Alphacool Eisbaer Aurora 240 CPU Digital RGB Review: Same Modularity, More Features

Expandable AIO cooling, plus RGB.

Alphacool Eisbaer Aurora 240 CPU Digital RGB
Editor's Choice
(Image: © Tom's Hardware)

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We put the Alphacool Eisbaer Aurora 240 Digital RGB through our CPU load tests on our six-core, i7-5930k running at 4.20Ghz.  We’ll compare the results against the Arctic Liquid Freezer II 280, Corsair H100i Pro and Deep Cool Castle 240 EX in a showdown of mid-size liquid cooling. 

(Image credit: Tom's Hardware)

The Alphacool Eisbaer Aurora 240 Digital RGB reported thermal load scores within range of both the H100i Pro and the Liquid Freezer II 280, both of which we regard as very good liquid cooling solutions. That said, the Liquid Freezer II 280 is a 280mm model with a bit more surface area to utilize than the trio of 240mm units.  

(Image credit: Tom's Hardware)

The 2100+ RPM managed by the pair of Eiszyklon Aurora LUX Pro Digital RGB fans exceeds the rated value of 2000 RPM but falls within the acceptable +/- 10% speed rating deviation. Even with this additional speed, they are still nowhere near as speedy as those on the Corsair H100i Pro.

(Image credit: Tom's Hardware)

Most scenarios dictate that the faster a fan rotates, the more cooling airflow it provides, and the higher its registered noise levels.  The Alphacool Aurora 240 Digital RGB’s decibel levels are lower than expected for the its measured fan speeds, as opposed to the slower spinning fans of the Deep Cool Castle 240 EX producing higher decibel readings. (Editor’s Note: Blade design also affects noise, and some fans are misread due to their tach signal pulsing twice per revolution).

(Image credit: Tom's Hardware)

With a set of thermal load results showing a moderately close grouping, evaluating cooling performance at 50% and 100% fan speed with recorded decibel levels provides us with an indication of how effective a cooler is based on how much noise it produces as it is doing work under load. 

(Image credit: Tom's Hardware)

Taking our acoustic and thermal efficiency chart a bit further, we introduce unit pricing to determine how a unit fares in performance value.  While all coolers compared are rather wallet-friendly, the Alphacool Eisbaer Aurora 240 Digital RGB is highest at $139. In comparison, the Arctic Liquid Freezer II 280 is the most frugal at $85, although recall that it is also the only cooler shown here to use a 280mm radiator rather than a 240mm.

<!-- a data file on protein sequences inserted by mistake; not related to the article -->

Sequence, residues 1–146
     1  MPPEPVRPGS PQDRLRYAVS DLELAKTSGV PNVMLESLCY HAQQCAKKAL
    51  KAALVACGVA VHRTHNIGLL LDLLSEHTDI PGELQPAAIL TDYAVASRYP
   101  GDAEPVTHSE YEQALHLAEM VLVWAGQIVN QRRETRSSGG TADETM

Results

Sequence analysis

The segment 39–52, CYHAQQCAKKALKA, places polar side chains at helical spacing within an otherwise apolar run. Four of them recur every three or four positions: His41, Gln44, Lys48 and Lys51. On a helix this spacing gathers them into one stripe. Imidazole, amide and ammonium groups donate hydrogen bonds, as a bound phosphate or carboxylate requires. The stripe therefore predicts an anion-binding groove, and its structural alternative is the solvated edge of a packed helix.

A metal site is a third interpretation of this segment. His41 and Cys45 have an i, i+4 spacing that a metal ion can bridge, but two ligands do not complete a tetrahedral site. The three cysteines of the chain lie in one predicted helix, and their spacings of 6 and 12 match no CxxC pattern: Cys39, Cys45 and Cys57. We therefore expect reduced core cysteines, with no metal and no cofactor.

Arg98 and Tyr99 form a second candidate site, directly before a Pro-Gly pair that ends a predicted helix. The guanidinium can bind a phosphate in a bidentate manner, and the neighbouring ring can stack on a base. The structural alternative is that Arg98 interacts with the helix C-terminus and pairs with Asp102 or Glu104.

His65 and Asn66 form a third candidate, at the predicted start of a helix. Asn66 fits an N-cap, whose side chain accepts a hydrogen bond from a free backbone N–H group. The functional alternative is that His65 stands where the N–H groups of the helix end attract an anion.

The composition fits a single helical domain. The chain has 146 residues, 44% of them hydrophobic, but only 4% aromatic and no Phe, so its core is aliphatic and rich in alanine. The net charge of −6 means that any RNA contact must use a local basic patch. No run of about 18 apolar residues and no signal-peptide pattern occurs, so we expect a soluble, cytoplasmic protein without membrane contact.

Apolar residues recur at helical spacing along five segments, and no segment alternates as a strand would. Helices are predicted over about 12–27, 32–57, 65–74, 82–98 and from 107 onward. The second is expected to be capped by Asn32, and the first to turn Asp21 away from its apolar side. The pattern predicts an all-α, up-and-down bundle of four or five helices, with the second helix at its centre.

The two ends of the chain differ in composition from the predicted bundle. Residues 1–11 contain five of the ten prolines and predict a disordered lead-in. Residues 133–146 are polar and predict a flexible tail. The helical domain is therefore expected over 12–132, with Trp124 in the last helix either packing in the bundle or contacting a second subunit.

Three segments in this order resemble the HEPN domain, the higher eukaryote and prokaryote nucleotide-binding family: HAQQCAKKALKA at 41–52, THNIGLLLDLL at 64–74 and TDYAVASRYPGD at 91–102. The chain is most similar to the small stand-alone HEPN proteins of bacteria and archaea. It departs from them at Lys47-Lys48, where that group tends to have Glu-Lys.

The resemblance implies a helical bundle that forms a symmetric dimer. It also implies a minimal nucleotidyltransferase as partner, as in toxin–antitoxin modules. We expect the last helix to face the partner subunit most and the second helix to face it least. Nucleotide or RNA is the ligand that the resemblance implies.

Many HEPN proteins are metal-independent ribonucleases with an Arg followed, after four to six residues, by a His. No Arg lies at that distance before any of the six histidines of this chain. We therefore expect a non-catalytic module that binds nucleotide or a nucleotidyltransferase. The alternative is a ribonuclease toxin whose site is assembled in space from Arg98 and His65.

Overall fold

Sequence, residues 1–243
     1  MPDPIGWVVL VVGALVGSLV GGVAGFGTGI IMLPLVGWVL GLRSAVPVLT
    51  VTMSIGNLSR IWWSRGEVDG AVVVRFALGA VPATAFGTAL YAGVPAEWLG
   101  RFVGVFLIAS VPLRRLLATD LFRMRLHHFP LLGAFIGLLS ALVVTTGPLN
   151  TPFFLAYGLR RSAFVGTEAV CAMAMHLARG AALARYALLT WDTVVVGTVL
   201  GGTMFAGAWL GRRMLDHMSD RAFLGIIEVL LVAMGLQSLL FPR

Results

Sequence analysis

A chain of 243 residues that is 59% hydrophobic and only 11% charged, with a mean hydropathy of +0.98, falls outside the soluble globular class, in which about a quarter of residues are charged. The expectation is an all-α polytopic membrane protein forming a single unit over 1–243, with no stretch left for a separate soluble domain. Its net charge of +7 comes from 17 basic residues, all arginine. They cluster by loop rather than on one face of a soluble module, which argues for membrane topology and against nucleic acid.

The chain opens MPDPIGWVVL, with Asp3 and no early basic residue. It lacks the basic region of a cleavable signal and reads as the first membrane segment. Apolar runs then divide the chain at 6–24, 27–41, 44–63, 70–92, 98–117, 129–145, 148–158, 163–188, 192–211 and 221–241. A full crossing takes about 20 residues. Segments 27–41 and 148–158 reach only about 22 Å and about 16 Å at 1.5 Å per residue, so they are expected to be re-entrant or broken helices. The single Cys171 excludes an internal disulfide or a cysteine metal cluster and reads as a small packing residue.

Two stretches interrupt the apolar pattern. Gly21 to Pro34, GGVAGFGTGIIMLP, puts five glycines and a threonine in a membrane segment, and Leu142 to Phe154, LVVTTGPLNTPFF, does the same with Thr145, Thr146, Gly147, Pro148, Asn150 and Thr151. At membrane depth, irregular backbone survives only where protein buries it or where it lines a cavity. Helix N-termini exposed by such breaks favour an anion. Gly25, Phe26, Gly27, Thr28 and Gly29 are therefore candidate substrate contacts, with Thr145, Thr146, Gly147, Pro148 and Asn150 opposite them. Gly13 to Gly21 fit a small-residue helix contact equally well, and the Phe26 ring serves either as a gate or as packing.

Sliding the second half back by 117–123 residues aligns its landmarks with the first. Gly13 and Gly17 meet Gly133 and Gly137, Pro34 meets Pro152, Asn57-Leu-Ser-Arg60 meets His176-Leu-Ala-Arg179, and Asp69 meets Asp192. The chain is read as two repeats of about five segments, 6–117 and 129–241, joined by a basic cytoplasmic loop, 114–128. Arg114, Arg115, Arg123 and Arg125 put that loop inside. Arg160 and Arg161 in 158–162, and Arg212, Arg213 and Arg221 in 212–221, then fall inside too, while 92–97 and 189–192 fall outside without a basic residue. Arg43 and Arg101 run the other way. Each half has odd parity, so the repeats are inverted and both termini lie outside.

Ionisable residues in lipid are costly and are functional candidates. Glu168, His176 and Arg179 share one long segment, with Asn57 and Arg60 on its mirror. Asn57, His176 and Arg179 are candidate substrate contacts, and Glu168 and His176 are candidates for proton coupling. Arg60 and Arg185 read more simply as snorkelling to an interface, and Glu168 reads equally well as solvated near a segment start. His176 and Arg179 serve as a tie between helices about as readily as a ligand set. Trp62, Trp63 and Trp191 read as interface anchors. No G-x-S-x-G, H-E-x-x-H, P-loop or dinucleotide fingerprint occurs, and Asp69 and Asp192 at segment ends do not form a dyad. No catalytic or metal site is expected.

The Alphacool Aurora 240 Digital RGB offers a lot of flexibility in the form of being an expandable AIO that’s intended to be used with other Alphacool components that utilize its quick-disconnect system.  While this does focus a system builder towards Alphacool’s liquid cooling ecosystem, it also shows that simplicity and cleanliness make the Eisbaer Aurora 240 Digital RGB a good platform for the system builder who seeks an easier transition into larger liquid cooling loops.

One potential downside to the Eisbaer Aurora 240 is its lack of any fan and RGB management software. It isn’t entirely necessary, and providing the functionality would almost definitely result in added cost of USB hardware. Still, some users will want greater control than what’s integrated into their motherboards or offered via external modules.  

Modularity becomes an attractive feature for those wanting to branch out further and pursue their own custom cooling dreams, and the Eisbaer Aurora 240 Digital RGB offers these buyers considerable value by helping them easily integrate additional water blocks and radiators as their needs advance.

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Garrett Carver
CPU Cooling Reviewer

Garrett Carver is a contributor for Tom’s Hardware, primarily covering thermal compound comparisons and CPU cooling reviews; both air and liquid, including multiple variations of each.

  • EasyLover

    In the graphs, CORSAIR H100i Pro is written as Cooler Master H100i Pro. Needs to be corrected, plz.
  • mac_angel
    something I've been wondering for a bit. How are these pumps, coolant, etc, with sub zero temperatures?